One of COMATCH's core messages is "It's more than just a job". That does not only mean consultants strive to be their own boss and decide on the topics they work on, they also want to enjoy their project work. They strive to create value for their clients by putting their strengths to use. A strength is not only knowledge or expertise, it is often a working style.

Charlie Gregson, Managing Director UK & Ireland (Former L.E.K. Consultant)

I was working on a project in the Pharma industry and observed that the client and the project lead had two completely different working styles, which made the collaboration rather difficult. The client was more of an analyzer and was adept at looking into details and numbers. The project lead was not, he was more of a doer preferring to make quick decisions to get the job done. However, the consulting firm did not take him off the project, so he stayed, but the client interactions were pretty toxic. In the end, the client was happy with the results, but a better fit would have helped the project move forward faster and made the collaboration more comfortable and easier.

Thankfully, people are finally beginning to think more broadly about softer factors like how people work and how someone fits in with a team’s culture. In my experience, the way in which someone works is often the thing that determines how successful a project is—functional and industry knowledge should be taken as a given.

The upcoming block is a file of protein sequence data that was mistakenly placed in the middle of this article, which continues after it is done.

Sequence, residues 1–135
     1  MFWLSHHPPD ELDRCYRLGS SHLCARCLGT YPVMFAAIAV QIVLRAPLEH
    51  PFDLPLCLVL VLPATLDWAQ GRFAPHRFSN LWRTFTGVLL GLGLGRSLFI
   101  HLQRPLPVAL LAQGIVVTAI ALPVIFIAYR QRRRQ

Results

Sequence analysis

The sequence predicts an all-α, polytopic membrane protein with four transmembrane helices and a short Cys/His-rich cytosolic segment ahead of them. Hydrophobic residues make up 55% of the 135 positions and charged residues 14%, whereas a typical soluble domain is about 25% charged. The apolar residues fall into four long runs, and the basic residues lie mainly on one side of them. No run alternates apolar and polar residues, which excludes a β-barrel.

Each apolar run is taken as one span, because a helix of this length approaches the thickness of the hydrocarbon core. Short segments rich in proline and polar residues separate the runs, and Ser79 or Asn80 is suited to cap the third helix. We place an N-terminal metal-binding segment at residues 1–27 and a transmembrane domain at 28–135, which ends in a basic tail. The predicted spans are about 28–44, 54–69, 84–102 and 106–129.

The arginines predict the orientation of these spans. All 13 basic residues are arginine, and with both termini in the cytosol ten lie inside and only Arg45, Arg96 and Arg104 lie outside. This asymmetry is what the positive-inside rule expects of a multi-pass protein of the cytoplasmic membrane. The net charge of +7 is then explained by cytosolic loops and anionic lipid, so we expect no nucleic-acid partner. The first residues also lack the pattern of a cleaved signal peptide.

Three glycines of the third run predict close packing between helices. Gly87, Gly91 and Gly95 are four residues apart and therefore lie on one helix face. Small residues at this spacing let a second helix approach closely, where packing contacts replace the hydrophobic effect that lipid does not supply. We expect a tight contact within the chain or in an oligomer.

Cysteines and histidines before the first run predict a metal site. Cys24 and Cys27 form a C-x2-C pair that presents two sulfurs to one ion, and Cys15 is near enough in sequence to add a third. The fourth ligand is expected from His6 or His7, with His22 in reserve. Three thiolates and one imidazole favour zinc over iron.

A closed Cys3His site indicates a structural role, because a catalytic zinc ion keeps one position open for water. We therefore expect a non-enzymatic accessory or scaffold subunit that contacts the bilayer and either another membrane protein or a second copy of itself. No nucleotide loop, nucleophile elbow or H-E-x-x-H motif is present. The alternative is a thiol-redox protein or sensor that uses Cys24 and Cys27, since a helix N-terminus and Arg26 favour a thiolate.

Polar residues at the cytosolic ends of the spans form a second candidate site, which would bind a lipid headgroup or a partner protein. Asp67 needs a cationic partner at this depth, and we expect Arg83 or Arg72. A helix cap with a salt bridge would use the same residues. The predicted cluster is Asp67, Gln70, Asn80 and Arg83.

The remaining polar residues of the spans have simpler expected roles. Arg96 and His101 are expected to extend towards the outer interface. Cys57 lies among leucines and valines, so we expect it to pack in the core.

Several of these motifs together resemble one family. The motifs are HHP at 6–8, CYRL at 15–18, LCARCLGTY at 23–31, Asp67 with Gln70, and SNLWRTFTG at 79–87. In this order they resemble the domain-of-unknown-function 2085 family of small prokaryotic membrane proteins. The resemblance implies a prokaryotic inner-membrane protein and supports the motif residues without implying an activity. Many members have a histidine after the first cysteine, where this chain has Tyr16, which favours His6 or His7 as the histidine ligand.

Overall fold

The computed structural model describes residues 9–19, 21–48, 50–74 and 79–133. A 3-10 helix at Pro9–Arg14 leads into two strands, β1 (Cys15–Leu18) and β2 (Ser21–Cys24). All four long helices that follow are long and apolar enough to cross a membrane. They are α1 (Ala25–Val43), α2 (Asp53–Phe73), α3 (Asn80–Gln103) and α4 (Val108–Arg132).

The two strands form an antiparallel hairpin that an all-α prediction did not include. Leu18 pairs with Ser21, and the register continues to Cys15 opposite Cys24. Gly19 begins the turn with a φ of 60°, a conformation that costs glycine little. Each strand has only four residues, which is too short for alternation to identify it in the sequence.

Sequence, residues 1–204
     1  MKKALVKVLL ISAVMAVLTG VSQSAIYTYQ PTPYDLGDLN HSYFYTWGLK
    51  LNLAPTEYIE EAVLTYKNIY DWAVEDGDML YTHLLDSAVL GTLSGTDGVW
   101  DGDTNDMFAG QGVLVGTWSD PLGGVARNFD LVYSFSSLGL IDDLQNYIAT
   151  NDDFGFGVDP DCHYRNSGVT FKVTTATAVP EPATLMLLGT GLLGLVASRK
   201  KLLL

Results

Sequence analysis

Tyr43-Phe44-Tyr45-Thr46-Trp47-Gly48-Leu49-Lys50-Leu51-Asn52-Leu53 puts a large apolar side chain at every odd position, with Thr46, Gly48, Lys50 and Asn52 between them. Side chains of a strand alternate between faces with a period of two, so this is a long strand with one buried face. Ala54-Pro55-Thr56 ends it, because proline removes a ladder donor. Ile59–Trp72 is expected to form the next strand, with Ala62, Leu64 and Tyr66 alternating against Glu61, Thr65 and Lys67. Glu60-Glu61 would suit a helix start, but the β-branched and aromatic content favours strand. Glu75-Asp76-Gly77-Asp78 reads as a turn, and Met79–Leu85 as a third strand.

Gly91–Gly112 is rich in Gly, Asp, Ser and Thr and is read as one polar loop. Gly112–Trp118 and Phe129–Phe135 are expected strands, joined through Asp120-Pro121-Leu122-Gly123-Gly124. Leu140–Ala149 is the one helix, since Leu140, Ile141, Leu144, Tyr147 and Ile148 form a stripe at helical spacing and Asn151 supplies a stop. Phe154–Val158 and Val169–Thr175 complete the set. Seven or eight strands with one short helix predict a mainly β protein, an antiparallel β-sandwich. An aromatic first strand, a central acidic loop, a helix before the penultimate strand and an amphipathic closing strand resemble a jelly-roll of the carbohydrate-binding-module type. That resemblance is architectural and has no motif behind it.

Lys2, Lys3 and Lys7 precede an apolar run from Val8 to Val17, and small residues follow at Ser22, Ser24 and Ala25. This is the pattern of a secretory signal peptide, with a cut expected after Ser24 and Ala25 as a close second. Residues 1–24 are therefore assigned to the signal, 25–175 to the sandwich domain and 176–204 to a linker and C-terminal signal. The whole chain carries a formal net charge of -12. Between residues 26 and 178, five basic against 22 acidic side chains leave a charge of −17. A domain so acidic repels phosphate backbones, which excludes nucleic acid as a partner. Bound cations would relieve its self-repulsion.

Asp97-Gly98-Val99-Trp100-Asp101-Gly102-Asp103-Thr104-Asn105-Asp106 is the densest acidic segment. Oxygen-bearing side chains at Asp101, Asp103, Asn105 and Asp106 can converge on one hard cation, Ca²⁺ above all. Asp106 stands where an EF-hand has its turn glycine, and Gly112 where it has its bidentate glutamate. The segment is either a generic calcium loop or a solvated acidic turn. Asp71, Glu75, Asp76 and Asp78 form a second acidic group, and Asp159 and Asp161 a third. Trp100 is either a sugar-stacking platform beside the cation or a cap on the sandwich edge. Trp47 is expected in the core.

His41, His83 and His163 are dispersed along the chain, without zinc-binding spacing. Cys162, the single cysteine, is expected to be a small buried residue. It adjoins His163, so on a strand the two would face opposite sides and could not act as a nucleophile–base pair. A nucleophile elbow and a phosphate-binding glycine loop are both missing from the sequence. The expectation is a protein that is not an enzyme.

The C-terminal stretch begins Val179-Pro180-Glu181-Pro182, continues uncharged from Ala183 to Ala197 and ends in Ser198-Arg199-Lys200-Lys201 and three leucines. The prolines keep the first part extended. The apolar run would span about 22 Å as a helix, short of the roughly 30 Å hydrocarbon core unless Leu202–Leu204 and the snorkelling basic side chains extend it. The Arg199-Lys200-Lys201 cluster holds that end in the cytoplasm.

Christoph Hardt, Co-Founder/CEO (Former McKinsey Consultant)

A consultant’s core task is problem-solving. You often find yourself in front of a whiteboard with your team trying to create a story filled with facts and data. What is the root cause of the problem? How can you solve it? How can you persuade the client?

When I worked for McKinsey, I was partnered with a colleague with whom I had an extremely complementary working style. Both of us were collective thinkers who needed to exchange to reflect. But he was more analytical than me. I was more creative—he listened, took notes, and asked questions. He gave structure to my ideas. As a result, we solved a lot of difficult problems. Once we even took over a project from another consulting company because they were unable to solve the client's core challenges. We were able to solve the issue in a few days.

I think collaborating with people with different working styles can always teach you something new and is a significant benefit for clients. Obviously, some partnerships are better than others, but I do believe that knowing who you work with best is an asset to any team. 60-70% of a project's success depends on the right working style, so don't underestimate the power of good collaboration.

Creating the right environment for clients and consultants is essential to the success of a project. While hard skills are important, softer factors like working style are often a good indicator of how satisfied the client and consultant will be with the end result.

To learn more about how we create the best matches for our clients, check out our post on StyleMatch, a working style assessment that takes the guesswork out of compatibility.